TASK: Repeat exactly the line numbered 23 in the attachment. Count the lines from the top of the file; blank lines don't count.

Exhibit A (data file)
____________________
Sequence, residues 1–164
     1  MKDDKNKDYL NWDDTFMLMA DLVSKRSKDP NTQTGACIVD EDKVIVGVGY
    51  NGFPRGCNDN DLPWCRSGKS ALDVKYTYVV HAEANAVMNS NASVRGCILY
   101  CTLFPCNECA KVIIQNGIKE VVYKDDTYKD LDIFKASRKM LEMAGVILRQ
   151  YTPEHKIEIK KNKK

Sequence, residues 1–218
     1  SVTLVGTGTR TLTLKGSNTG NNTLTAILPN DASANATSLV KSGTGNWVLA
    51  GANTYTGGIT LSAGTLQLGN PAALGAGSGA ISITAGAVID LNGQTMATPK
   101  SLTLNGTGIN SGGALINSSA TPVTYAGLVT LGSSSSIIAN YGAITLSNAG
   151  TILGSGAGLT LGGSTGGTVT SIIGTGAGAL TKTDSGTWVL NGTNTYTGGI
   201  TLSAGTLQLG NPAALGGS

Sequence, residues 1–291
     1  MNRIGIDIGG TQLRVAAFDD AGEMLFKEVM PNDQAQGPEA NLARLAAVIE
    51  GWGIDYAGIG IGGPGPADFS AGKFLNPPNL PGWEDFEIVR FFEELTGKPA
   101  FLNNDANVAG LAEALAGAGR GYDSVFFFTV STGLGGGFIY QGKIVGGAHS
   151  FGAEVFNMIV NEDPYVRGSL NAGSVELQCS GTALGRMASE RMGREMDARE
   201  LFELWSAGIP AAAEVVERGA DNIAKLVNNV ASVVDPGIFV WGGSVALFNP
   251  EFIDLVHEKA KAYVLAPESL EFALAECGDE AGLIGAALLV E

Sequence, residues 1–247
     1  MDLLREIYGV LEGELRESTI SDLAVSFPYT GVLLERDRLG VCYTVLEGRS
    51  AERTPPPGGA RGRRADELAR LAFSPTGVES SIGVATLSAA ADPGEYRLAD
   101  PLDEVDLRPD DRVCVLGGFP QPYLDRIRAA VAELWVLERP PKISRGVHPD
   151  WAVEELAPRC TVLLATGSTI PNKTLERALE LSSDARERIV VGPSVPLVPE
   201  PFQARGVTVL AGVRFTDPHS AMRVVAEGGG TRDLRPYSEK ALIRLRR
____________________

   151  WAVEELAPRC TVLLATGSTI PNKTLERALE LSSDARERIV VGPSVPLVPE